This is unexpected: England is where the French Bulldog really got its start. They were created as a smaller version of the Bulldog, also known as the English Bulldog, and gained popularity in the 1800s among lacemakers. They became somewhat of a mascot for lace makers after being well-known for their temperament in Nottingham, a hub for lace production. Many lace producers relocated to France when the Industrial Revolution altered the lace industry, where their little bulldogs gained popularity. Henri de Toulouse-Lautrec, a French artist, even portrayed the French Bulldog in his works.
Americans started to notice the adorable bat-eared dogs at the end of the 1800s, and in 1897 they founded the French Bull Dog Club of America. There was some debate about “rose ears” vs “bat ears,” which first standing, then sway to the side and back (the inside of the ear resembles a rose). Like in France, the French Bulldog gained popularity in the United States, particularly among socialites, and fans of the breed preferred the bat ears.
Their popularity declined after World War II but then steadily increased until the 1960s, when it finally skyrocketed in the 1990s. The breed shot up to the second rank on the American Kennel Club’s 2020 list of the Most Popular Dog Breeds—a dog-apulted, perhaps?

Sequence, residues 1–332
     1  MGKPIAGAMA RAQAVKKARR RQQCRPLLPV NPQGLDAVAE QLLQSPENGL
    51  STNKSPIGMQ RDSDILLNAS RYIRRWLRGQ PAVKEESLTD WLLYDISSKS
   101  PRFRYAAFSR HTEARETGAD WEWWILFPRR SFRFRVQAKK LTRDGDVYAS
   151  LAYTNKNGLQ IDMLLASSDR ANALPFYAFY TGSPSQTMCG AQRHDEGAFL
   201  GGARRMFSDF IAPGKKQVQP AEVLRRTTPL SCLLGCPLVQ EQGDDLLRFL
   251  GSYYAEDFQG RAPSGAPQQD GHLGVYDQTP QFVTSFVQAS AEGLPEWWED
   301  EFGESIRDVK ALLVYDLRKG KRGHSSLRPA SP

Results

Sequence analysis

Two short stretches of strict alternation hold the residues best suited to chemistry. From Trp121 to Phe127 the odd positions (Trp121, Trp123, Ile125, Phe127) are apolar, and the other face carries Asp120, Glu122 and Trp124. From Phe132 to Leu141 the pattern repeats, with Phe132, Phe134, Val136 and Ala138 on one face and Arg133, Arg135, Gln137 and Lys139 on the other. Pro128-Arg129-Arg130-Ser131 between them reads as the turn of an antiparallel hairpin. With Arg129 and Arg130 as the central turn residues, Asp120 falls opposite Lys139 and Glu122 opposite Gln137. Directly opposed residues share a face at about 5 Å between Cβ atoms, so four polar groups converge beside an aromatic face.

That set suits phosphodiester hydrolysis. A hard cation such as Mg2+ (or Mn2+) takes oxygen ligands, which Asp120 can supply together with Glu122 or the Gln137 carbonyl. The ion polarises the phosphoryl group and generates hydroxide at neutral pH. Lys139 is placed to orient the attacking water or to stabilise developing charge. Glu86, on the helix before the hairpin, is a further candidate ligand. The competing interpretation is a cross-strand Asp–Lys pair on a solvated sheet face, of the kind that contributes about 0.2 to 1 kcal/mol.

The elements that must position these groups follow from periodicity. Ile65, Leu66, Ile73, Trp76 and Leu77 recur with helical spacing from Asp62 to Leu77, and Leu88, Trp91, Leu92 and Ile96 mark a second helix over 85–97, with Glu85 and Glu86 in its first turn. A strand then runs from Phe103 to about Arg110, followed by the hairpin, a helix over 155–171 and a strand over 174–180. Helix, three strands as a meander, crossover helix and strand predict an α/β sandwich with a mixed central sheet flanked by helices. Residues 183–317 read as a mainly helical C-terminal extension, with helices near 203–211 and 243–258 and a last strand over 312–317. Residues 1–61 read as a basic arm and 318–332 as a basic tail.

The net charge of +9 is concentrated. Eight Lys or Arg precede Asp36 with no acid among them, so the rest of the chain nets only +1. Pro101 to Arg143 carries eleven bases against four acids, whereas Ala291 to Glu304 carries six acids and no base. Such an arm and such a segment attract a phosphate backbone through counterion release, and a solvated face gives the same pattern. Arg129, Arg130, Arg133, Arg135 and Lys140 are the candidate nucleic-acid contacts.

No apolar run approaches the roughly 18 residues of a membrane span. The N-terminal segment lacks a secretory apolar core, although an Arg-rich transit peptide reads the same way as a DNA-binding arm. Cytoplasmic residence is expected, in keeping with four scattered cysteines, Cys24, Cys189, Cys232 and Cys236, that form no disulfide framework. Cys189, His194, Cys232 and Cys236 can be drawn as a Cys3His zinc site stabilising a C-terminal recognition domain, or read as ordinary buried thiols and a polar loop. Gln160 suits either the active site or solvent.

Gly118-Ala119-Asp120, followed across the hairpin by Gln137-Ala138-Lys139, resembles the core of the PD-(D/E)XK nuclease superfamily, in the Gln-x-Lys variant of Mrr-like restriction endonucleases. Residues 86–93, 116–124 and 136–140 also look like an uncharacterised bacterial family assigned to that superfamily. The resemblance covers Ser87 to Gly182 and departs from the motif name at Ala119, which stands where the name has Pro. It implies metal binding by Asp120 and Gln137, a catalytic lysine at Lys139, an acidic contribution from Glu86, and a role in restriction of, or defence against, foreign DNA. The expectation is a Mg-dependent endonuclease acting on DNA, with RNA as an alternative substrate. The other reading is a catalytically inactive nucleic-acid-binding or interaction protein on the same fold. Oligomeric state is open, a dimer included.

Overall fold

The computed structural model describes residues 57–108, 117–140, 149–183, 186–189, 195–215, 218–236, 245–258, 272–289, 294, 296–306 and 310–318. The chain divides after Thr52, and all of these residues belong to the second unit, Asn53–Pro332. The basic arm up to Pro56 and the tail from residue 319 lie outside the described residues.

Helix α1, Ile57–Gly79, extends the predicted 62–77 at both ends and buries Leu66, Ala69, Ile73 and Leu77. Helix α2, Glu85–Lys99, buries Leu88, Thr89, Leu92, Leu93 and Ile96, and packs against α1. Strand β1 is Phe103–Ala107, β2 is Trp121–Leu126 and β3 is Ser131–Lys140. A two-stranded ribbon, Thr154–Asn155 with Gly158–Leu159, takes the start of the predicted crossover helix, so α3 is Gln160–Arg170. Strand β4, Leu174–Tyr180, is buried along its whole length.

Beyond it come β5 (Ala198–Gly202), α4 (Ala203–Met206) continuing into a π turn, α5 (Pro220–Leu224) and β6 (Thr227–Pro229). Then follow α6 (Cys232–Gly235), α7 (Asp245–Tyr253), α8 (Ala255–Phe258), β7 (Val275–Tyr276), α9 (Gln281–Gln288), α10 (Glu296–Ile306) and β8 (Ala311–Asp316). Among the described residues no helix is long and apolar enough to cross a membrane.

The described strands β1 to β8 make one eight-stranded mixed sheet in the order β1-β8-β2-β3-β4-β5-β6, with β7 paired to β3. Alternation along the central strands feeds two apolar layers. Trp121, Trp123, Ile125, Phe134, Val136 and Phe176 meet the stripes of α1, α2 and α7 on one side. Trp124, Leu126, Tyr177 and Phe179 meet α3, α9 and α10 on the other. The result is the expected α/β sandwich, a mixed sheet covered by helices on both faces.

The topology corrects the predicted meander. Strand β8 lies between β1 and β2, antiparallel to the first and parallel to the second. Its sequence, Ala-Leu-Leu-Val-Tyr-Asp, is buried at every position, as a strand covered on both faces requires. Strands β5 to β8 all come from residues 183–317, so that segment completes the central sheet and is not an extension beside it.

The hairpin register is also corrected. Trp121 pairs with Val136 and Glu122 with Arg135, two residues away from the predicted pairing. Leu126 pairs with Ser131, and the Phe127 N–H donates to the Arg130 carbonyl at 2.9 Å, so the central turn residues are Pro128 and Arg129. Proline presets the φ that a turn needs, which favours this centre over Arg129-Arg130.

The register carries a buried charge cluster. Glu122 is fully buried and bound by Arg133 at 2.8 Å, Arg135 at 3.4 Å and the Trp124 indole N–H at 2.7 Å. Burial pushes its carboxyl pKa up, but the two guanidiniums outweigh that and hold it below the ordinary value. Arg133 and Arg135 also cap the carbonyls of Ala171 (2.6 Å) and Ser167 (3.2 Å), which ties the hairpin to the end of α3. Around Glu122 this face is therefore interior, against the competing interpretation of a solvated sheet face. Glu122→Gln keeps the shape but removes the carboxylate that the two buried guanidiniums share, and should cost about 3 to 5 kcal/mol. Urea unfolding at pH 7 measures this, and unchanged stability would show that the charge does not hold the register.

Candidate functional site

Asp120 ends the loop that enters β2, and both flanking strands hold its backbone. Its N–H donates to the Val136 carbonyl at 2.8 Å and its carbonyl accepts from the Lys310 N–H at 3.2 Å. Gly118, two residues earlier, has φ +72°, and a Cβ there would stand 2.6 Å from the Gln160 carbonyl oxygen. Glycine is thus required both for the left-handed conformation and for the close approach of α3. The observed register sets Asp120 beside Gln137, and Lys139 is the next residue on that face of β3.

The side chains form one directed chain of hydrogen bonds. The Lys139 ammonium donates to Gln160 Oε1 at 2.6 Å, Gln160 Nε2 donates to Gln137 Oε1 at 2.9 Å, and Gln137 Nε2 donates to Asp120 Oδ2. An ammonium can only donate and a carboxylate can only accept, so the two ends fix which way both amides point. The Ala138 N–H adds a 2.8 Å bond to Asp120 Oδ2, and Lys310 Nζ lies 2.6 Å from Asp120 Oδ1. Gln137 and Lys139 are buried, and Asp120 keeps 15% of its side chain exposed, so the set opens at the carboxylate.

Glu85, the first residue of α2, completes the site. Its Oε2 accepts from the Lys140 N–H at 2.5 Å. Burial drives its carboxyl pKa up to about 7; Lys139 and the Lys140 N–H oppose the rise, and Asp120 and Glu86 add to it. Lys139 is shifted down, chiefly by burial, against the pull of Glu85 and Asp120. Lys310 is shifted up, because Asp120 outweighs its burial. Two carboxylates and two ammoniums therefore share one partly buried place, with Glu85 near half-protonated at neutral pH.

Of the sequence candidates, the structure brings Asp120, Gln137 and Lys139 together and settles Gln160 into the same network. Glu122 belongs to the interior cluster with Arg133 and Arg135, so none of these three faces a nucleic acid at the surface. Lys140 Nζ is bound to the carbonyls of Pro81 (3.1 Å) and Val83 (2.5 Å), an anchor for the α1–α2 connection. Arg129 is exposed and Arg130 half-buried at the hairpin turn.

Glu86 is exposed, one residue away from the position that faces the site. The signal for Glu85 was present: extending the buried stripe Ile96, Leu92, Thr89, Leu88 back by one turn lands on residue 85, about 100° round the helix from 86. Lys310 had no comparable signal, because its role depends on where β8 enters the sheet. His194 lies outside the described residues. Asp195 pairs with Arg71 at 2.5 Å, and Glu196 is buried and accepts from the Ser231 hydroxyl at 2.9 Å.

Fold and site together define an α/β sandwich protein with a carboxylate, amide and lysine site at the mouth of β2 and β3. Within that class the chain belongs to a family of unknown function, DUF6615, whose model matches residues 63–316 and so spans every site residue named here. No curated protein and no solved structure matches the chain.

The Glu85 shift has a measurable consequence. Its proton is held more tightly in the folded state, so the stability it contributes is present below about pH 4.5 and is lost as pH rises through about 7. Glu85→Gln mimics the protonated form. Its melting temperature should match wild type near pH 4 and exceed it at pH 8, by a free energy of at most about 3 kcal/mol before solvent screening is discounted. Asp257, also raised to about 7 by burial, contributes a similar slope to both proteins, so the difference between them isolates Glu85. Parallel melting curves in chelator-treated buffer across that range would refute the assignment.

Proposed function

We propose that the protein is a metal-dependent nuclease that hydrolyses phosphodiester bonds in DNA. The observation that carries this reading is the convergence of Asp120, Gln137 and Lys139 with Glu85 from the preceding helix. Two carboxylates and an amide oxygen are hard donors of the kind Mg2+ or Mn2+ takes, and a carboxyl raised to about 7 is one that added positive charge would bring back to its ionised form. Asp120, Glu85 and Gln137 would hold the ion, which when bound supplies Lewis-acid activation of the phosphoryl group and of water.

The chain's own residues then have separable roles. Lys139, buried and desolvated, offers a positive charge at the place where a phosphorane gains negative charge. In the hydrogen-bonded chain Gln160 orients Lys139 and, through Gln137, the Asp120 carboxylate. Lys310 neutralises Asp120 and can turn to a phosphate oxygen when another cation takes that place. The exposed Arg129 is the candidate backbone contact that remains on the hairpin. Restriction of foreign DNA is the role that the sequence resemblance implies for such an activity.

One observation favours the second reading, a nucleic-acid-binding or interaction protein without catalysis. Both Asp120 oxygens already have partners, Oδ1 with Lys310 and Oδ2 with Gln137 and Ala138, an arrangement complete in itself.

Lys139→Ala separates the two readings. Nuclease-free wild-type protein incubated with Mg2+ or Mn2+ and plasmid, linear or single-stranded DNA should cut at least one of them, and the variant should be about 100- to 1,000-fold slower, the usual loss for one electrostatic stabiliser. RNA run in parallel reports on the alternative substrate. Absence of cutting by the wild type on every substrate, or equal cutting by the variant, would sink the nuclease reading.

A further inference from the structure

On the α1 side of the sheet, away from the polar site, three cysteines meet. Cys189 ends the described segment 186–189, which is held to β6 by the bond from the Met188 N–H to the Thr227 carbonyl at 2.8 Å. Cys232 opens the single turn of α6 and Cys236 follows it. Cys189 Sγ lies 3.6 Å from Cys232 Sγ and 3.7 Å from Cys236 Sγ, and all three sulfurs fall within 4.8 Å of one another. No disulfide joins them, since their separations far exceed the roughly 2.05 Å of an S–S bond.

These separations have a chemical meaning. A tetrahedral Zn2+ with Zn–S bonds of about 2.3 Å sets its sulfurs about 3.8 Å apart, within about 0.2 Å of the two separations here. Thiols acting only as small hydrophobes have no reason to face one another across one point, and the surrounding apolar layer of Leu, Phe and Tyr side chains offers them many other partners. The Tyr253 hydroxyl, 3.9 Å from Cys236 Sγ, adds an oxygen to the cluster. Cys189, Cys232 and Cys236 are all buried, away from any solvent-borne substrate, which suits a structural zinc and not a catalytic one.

Thinking about getting a pet French Bulldog? Visit the website of the American Kennel Club to find a list of trustworthy French Bulldog breeders. You should budget anywhere from $1,500 to $5,000 or more for a pup, depending on the breeder. Make sure the breeder you purchase from checks the dogs for temperamental and health problems.
You can also check your local animal shelter for the breed; however, be aware that multi-breed shelters rarely have the breed because most respectable French Bulldog breeders will return the dogs they sell to owners who no longer want them as pets. You can also get in touch with French Bulldog rescues (you can locate an organization using Chewy’s Shelter and Rescue Network). Speak to local breeders about their retired female dogs if you’re interested in adopting a 3–4-year-old dog. After two litters, breeders frequently neuter their females and find them loving permanent homes.